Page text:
Shissler Rec Center opened its new "sprayground" Thursday and the preschool students who graduated just before the fountains turned on, along with their friends and family, took to it immediately. Within minutes kids were running and shrieking through the water and splashing in the sprayground's plant feature. Exactly what project leaders hoped for.
The sprayground is part of the Mural Arts program's Restored Spaces Initiative and part of the Shissler Greenway and Impressions of the Delaware series within that initiative. It is the result of tremendous collaboration and years of brainstorming just what to do with the previously vacant space to the side of the Shissler Rec Center.
To date, the Mural Arts series added colorful murals and and community-produced art to the rec center's exterior walls, nearby sidewalks, planters and, now, the sprayground. All of these elements aim to show the inextricable relationship between the river and the neighborhood, and the sprayground serves as yet another interpretation of this "Take Me to the River" theme.
"For us it's a new and innovative way for the kids to play and also learn about where their water comes from and where it goes," said Edward Fagan, Jr., director of grants and special initiatives at the Department of Parks and Recreation.
The department is one of many partners who have contributed to the sprayground and other area improvements, and Fagan said the sprayground in particular is a great example of a project that combines both park and recreation elements.
The sprayground did not come without bureaucratic, ownership, water issue and other strings attached, but seeing so many kids run and play in the splash pad, Mural Arts Project Manager Shari Hersh said, "It made me feel like it was all worth it."
The sprayground and its Shissler Greenway and Impressions of the Delaware parent project are part of an even larger collaborative effort, the Big Green Block, which has set out to turn the Shissler Rec Center and surrounding area into the biggest, greenest block in the country. In doing so, the Big Green Block is creating a green passageway from Shissler Rec Center to neighborhood parks and on to the Delaware River.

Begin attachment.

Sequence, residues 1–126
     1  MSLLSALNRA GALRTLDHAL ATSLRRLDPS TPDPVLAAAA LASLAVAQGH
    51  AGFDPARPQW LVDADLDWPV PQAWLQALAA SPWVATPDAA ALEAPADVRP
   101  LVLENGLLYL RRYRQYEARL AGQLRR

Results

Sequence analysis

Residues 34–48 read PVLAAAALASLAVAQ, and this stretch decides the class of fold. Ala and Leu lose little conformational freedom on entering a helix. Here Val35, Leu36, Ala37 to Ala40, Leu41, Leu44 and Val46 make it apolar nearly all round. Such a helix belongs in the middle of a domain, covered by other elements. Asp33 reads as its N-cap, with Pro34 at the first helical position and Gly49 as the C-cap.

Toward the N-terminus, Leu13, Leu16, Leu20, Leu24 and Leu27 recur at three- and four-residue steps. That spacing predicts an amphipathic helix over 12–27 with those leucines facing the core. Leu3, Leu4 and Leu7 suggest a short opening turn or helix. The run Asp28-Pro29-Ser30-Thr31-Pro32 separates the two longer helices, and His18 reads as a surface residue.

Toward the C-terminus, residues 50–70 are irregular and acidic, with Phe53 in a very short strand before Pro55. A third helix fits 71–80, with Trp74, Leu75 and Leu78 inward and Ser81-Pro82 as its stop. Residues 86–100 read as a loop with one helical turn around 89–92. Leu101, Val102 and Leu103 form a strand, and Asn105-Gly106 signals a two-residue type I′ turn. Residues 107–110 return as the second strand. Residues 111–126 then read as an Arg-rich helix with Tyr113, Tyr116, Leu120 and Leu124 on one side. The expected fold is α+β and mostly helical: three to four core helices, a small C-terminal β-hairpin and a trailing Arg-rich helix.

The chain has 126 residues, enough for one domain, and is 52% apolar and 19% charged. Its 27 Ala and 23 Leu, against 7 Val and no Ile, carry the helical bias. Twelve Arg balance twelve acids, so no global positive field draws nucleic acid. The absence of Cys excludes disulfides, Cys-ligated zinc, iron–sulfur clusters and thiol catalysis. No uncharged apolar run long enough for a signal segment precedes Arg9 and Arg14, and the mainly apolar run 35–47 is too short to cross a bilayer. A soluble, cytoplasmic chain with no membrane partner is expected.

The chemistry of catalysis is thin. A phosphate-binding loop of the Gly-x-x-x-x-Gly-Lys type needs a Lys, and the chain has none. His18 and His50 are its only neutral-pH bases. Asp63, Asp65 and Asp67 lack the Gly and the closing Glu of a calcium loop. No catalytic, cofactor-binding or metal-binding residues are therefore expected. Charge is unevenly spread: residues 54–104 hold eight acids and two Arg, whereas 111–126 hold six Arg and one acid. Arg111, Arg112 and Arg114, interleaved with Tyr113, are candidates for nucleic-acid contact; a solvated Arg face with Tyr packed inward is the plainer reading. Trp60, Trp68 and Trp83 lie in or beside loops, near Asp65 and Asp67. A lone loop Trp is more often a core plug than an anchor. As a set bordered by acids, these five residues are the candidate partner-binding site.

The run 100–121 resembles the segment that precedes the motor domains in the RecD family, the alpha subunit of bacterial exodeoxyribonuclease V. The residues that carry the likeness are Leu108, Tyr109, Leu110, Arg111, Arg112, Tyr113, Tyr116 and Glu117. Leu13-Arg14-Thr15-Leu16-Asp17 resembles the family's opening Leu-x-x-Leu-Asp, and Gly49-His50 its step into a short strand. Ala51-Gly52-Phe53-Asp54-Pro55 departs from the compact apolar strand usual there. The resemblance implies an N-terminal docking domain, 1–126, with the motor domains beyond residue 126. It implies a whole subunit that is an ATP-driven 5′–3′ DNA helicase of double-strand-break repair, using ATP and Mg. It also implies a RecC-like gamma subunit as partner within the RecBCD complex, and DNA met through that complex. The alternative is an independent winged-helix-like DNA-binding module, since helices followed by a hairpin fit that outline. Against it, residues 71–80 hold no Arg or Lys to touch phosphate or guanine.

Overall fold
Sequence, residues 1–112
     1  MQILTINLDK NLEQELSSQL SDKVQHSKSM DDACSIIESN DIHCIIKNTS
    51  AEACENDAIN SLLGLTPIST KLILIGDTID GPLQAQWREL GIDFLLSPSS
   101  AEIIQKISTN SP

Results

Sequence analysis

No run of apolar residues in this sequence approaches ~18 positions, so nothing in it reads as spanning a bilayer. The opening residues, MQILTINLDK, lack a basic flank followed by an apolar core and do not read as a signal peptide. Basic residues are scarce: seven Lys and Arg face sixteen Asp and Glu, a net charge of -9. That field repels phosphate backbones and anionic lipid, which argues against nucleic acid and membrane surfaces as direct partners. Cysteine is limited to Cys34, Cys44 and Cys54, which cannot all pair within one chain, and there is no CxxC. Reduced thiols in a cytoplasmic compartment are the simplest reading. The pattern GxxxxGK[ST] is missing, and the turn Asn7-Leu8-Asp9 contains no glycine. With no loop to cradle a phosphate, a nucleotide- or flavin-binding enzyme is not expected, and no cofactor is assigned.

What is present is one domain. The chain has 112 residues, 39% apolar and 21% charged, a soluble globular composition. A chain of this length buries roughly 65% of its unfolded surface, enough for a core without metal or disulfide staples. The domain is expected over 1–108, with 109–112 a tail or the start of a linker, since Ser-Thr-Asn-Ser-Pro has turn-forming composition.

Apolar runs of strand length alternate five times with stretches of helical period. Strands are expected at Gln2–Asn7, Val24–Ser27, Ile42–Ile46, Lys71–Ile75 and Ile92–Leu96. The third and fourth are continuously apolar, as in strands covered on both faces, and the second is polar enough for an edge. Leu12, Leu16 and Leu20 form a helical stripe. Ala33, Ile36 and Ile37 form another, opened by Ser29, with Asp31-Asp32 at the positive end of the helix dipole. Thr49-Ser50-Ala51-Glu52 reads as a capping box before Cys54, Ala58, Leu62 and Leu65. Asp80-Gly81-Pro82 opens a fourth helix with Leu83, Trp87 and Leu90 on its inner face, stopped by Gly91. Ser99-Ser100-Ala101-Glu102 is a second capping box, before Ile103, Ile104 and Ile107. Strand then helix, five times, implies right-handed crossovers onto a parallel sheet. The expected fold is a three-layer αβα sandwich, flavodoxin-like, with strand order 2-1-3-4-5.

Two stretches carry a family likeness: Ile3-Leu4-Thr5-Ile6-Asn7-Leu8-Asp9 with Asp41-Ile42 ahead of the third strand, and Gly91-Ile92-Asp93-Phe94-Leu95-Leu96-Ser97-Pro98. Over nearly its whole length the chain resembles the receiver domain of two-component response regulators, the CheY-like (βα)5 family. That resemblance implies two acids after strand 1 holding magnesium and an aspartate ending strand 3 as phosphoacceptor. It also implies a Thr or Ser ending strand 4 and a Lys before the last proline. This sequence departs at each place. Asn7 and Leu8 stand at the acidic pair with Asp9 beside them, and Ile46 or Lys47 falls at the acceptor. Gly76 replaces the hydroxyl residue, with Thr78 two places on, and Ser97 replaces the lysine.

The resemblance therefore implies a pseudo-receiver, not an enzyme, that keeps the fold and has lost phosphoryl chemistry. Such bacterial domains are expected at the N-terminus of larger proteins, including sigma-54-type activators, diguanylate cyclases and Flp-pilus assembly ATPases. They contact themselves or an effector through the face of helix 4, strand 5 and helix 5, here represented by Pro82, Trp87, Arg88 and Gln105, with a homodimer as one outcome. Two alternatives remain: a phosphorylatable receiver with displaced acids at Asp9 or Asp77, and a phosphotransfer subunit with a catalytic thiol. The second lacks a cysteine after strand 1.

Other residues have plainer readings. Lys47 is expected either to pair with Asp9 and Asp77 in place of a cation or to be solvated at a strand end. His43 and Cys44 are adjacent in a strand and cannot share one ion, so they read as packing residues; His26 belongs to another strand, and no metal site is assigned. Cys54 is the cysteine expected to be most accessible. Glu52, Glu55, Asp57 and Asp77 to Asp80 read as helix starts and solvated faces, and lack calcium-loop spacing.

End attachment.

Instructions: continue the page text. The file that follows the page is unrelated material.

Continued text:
Working on 14-acres of space, the Big Green Block so far includes stormwater trenches that gather water from Blair Street and a parking lot outside of the rec center, a large greenspace that connects the rec center with neighboring Palmer Park, a small field for toddlers, an art filled corridor to connect the neighborhood to the river and, most recently, this sprayground.
In June the Big Green Block partners will open a dog park at the corner of Blair and Palmer streets, and construction will begin on the Shissler Rec Center basketball court. The court will be repaved and a stormwater management system for the rec center will be installed beneath the pavement.
"In my mind, this is one of the greatest public-private collaborations," said Shanta Schachter, NKCDC deputy director.
The impact is evident. In addition to the new, green features, NKCDC Executive Director Sandy Salzman said that for the first time in at least 40 years, developers have started to build properties that face Blair Street, a street that was once exclusively used as garage access and littered with trash and debris.
From 2012-2014 Christine covered transportation, writing about everything from pedestrian concerns to bicycle infrastructure, bridges, trail networks, public transit and more. Her favorite assignments sent her bushwhacking through Philadelphia’s yet-to-be-cleared bike trails, catching a glimpse of SEPTA’s inner workings or pounding the pavement to find out what pedestrians really think. Christine also covered community news for Eyes on the Street, where her work ranged from food sovereignty to public art and urban greening. She first joined PlanPhilly in fall 2011 as an intern through a partnership with Temple University’s Philadelphia Neighborhoods website.